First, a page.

Woman smelling orchids on kitchen. Happy housewife taking care of home plants and flowers.

Orkidé propagation is accomplished by various techniques used to multiply your orchid plants. Orchids are among the most popular houseplants because of their delicate and stunning beauty. There are two unique procedures of orchid propagation; first, asexually by vegetative propagation and another sexually by seed or generative propagation.

Generative Propagation

Generative propagation such as copying the plants from seeds or from tissue cuttings, are certainly reserved just for the professional orchid nurseries with access to lab type conditions since they require completely sterile and clean environment. Vegetative propagation on the other hand, can be used to multiply orchid plants using different techniques like branch, back bulbs and cuttings by the majority of the rest of us. Fortunately, these asexual orchid propagating techniques can be completed in a house environment by a novice orchid grower.


Division usually occurs during repotting in the early spring as the buds start to swell. It’s the most widely used at-home method of orchid propagation. Division means dividing the mother plant root ball into two or more smaller segment and transplanting each to begin a new plant in individual pots with a suitable potting mix that enhances growth. This method will create new flowering orchids by another season particularly if the growing conditions are best for good health and boosting productivity.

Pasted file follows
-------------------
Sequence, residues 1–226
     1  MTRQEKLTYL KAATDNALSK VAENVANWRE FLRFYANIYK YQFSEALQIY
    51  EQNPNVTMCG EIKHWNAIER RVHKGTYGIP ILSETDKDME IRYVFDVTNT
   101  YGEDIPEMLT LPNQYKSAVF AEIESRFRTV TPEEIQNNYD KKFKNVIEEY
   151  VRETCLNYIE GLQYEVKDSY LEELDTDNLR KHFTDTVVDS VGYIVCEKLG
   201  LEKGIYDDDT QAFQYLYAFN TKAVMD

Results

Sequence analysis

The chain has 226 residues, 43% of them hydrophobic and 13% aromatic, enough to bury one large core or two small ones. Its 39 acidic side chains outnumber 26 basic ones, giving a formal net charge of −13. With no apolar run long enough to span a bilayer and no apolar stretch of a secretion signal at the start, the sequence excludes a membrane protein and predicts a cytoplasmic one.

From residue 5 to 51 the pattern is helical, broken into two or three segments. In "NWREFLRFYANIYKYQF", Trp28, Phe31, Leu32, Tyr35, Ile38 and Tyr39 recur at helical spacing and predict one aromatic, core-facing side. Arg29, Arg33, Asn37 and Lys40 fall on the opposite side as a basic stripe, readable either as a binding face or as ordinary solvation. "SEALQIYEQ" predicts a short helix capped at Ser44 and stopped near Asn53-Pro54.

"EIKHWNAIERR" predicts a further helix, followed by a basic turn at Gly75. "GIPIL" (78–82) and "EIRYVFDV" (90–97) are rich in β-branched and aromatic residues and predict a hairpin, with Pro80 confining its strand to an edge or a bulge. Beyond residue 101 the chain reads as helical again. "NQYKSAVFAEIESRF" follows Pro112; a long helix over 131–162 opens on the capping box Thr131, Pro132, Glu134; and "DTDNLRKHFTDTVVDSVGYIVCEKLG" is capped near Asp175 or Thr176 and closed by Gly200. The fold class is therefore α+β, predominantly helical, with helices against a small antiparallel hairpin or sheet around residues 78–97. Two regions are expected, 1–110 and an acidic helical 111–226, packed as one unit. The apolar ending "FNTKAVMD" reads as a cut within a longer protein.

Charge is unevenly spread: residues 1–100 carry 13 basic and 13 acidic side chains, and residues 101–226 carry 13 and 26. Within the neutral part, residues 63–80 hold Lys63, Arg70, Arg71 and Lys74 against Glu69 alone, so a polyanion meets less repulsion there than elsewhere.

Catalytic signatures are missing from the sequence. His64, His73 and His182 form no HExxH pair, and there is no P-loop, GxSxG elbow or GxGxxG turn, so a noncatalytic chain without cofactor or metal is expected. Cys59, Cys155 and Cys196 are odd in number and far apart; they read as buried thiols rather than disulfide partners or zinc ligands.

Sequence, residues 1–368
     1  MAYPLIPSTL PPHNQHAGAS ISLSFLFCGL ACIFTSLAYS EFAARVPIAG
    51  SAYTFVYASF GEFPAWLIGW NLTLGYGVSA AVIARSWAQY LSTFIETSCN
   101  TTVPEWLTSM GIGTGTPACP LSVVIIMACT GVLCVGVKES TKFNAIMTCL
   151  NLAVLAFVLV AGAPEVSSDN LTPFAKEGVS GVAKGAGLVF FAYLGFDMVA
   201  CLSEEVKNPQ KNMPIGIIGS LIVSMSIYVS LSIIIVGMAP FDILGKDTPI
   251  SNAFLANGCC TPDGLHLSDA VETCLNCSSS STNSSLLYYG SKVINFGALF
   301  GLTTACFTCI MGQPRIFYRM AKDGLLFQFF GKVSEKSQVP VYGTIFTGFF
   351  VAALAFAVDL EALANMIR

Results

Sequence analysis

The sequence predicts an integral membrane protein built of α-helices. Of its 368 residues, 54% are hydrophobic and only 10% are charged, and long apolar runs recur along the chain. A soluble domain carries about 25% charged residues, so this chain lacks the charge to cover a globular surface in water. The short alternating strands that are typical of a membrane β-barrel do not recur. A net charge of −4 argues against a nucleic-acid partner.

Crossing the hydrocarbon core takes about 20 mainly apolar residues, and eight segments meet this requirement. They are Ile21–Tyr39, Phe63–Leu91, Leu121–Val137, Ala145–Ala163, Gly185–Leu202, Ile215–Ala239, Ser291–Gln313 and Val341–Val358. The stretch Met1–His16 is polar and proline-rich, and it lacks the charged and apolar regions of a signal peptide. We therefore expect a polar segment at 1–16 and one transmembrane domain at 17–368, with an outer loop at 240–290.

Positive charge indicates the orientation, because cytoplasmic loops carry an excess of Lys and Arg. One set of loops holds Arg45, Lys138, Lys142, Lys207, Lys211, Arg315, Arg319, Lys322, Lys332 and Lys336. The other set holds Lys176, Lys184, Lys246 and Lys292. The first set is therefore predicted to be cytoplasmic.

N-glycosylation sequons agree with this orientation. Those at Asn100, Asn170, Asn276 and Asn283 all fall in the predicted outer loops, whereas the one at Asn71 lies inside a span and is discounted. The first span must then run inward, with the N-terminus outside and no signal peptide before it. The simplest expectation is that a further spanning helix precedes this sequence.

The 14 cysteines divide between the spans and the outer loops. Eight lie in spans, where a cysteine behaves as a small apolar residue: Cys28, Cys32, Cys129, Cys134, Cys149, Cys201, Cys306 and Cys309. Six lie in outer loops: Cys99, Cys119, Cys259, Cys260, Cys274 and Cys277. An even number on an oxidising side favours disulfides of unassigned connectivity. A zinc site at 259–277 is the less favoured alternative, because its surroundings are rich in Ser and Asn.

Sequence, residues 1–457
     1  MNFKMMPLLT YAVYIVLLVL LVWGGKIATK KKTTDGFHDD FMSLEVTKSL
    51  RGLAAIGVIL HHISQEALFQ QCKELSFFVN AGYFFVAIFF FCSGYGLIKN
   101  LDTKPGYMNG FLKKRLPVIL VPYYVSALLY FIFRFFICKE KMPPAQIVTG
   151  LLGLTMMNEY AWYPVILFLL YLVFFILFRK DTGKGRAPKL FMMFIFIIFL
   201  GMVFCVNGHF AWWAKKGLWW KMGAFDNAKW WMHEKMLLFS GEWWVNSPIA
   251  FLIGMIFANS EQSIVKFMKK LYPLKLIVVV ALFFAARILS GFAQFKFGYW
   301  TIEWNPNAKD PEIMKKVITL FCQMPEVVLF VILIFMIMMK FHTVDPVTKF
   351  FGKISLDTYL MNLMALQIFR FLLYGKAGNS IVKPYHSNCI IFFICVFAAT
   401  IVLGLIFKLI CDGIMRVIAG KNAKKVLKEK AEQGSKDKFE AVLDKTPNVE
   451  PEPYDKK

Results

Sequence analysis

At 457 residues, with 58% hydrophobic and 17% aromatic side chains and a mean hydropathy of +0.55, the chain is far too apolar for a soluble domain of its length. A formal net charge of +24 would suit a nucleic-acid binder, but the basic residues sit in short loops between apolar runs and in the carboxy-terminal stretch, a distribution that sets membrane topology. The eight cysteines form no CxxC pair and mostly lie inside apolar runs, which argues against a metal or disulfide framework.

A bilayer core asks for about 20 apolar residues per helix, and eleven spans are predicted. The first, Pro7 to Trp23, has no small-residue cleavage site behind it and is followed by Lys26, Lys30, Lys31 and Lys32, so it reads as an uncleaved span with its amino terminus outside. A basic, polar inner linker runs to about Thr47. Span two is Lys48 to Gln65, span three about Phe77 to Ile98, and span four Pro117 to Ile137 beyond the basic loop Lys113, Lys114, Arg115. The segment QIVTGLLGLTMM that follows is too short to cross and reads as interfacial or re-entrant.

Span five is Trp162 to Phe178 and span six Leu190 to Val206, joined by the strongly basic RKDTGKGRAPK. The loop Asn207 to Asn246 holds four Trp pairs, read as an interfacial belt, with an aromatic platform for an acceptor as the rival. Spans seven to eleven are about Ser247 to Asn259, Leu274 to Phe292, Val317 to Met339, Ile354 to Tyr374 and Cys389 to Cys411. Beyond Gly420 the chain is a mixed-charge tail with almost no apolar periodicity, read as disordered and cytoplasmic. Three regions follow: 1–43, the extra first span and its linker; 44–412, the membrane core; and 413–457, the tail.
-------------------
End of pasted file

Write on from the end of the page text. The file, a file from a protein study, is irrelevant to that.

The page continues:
Cutting techniques vary based upon the orchid types. For the epiphtic orchids, cut the upper part of this plant and for terrestrial orchid plants that the older back bulbs have to be removed by cutting the stalks of the tiny plants rather than the flower buds. Then, relocate the cuttings for the two kinds of orchids to an proper pot and packed with new planting mixture to keep the main system lightly but firmly in place.

Back Bulbs

Back Bulbs are pseudo bulbs which have bloomed or that don’t have any blossoms or leaves but have the capacity to develop new orchid plants. Once the old back bulbs expansion was removed from the mother plant, then reposition them in individual pots ensuring very good growing conditions in order to boost root development. The new plants will grow and look like the parent plant. However, orchid plants propagated with this method usually takes more or less 3 years to attain their flowering stage.


Keiki is a technique widely used for Phalaenopsis orchids. It’s accomplished by cutting the roots that are established and part of the stem of their mother orchid plant in which the infant plants are attached and then replanting the cuttings in new pots.


There are lots of various ways to make fresh orchids from older orchid plants after all in is their nature to replicate. Some orchid propagating techniques can be carried out by common orchid growers while some are overly technical and can only be carried out by specialist orchid nurseries in a lab type of environment. The 4 standard techniques mentioned above for distributing orchids, however, can be mastered with patience, wisdom and practice. Indeed, the DIY orchid grower who’s been at it for awhile and the person who is just starting out can disperse and replicate unique kinds of orchids to decorate their house or garden themselves, thereby not only improving their orchid collection but also saving or even earning some cash in the procedure.